Unlike Boko Haram, IMN was not known to be a terroristic organization. In late 2014, its members protected Christians against Boko Haram attack. Even when its members were killed in 2014 and 2015, it has limited its protests to civil activities including press campaign, rallies, protest marches, petitions, etc. The groups had consistently distanced itself from violent action ever since the latest mass murder occurred. Therefore, the police authority attempt to join IMN with Boko Haram is aimed at whitewashing army’s heinous record. The police and the Department of State Security (the repressive and undemocratic secret security outfit set up under military rule to crush opposition to the military) further claimed that the IMN members are lawless and that they constituted themselves into a state within a state. But is it not funny that that the same security agencies that were quick to kill peaceful protesters would claim it has no capacity to apprehend IMN members who acted unlawful? Why would the police and DSS wait until hundreds of IMN members were killed before realizing that they were lawless?

Trail of Blood

The gruesome actions of the army follow known murderous pattern of Nigerian military. This is not the first time that the army will be carrying out extra-judicial murder. Beside the 40 Shiites killed in 2014 by the army, scores of pro-Biafra protesters were killed and wounded by soldiers during their protests between December 2015 and March 2016. In fact, some pro-Biafra groups claimed that the army is secretly killing and arresting scores of suspected pro-Biafra members.

Moreover, the various extra-judicial killings by the military under the guise of fighting Boko Haram has not been investigated neither are the perpetrators brought to book. For instance, the extra-judicial mass killing of hundreds of citizens, mostly detainees, by soldiers following Boko Haram attack on Giwa Barrack in Maiduguri, Borno State on 14 March, 2014 is swept under the carpet. According to Amnesty International, several hundred innocent citizens were killed by both Boko Haram and the military in 2014. The Jonathan government, whose administration has been fingered in massive arms deal fraud, covered up many of these atrocities. Unfortunately, the Buhari administration, since emergence a year ago, has not deemed it fit to open many of these cases, despite their gruesomeness. According to the latest report from Amnesty International, over 150 detainees, including women and children have died in the Giwa Barrack detention centre this year due to hunger, gun wounds and diseases. In fact, since the emergence of the military rule, the armed and security forces have wasted tens of thousands of lives in its quest to project its ego, and serve the interests of corrupt Nigerian government and oil corporations. From Odi to Zaki Biam, Jos, Warri, Borno (2009), etc., Nigerian military has blood in its hands.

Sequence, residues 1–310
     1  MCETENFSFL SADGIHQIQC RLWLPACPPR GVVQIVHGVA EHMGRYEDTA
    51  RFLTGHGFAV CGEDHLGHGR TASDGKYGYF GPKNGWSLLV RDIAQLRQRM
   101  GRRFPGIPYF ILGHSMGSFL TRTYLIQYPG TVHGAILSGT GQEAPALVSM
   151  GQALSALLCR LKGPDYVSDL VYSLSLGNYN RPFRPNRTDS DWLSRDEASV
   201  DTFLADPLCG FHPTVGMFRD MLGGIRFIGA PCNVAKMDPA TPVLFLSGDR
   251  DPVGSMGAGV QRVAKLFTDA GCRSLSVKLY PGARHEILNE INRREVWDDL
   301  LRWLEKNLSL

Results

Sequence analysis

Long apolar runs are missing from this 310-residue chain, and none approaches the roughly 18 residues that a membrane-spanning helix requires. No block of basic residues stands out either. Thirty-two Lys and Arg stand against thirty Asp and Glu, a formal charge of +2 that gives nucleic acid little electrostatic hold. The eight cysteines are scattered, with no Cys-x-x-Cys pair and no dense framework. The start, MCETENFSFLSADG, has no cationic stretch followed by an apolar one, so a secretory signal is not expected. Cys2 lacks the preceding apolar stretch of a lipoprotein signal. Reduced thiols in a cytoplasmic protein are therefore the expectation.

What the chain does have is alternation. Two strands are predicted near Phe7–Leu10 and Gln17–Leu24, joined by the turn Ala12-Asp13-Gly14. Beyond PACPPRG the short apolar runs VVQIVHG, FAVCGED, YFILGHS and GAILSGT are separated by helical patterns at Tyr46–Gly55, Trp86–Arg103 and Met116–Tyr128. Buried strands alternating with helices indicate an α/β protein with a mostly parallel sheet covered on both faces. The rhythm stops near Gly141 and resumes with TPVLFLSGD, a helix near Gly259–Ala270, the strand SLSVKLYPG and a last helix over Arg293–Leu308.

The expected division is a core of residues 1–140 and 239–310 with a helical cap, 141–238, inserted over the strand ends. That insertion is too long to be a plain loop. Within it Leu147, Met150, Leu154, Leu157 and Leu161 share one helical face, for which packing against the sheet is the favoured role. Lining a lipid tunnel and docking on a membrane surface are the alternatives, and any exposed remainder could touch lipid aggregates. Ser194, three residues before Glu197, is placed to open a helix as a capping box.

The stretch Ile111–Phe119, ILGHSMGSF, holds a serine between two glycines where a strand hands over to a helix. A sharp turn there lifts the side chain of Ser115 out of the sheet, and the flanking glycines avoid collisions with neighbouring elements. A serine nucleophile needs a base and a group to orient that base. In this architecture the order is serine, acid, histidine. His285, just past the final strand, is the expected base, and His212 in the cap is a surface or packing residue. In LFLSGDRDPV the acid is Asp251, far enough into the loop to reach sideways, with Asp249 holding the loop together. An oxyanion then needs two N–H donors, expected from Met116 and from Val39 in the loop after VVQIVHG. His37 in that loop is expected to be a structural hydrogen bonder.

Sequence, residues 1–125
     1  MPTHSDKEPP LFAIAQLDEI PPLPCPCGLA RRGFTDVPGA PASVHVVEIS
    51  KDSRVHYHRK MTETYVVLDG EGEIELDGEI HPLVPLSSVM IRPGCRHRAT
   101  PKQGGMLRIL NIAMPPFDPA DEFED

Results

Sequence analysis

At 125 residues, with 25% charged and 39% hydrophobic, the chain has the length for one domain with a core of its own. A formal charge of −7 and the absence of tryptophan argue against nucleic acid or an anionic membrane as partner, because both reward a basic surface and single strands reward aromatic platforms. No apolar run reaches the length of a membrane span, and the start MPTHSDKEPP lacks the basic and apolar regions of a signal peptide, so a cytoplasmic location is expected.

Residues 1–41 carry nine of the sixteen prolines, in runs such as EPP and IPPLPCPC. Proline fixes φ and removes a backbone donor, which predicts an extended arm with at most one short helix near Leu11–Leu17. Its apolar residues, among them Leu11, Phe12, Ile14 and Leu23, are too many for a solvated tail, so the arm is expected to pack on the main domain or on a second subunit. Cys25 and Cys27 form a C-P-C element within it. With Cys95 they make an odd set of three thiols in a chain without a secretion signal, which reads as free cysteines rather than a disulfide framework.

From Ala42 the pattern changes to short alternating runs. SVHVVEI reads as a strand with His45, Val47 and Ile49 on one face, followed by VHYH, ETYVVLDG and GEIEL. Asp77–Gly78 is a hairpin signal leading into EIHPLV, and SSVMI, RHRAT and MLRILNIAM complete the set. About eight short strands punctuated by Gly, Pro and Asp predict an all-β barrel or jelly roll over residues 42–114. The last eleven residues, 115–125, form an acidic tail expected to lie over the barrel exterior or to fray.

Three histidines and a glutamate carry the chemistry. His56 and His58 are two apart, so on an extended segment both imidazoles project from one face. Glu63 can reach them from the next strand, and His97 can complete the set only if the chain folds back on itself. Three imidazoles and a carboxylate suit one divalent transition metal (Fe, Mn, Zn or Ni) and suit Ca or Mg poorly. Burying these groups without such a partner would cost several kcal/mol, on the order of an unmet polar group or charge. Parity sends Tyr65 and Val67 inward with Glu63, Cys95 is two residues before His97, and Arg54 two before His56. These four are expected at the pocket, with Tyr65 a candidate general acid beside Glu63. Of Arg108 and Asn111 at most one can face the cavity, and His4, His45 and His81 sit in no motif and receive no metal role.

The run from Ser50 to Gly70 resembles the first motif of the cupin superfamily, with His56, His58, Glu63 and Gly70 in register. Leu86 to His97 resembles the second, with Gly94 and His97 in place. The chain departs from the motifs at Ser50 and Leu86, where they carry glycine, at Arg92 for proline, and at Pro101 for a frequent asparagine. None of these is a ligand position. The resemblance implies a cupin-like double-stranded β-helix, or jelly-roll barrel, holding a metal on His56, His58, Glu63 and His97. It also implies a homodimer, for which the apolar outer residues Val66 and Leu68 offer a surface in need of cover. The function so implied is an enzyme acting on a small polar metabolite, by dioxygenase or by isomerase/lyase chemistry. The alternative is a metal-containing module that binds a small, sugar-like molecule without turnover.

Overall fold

The underlining basis for the military acting like an occupation force is premised on its neo-colonial, pro-ruling class and undemocratic nature. Nigerian military, since its formation by the colonial master for the defence of colonial local and foreign interests, has not fundamentally departed from this orientation even after the end of colonial rule. It has transformed from defending colonial interests to defending the interests of various sections of capitalist political class. Therefore, the military in any engagement will be prepared to defend the interests of its overlords in the political and imperialist camps, even if involves killings hundreds of citizens.

This is made worse by the undemocratic nature of running the military, where the rank and file soldiers have no democratic input into decision making process in the military, even on their welfare issues. Aside answerable only to the commander-in-chief, there is no public democratic control over the military and the armed forces. This means that if a senior military officer, acting under ethno-religious or pecuniary influences, takes a deadly decision, such will have to be abided with by juniors. There are reported cases of compromised commanding officers cornering money meant for materials and upkeep of rank and file soldiers in the Boko Haram fight thus sacrificing lives of foot soldiers. In one instance, rank and file soldiers had to mutiny against their commanding officer, after his order led to mass killing of soldiers by Boko Haram. The diversion of billions of dollars meant for the fight against Boko Haram by elements in Goodluck Jonathan administration shows how corrupt and undemocratic the political and military structure are.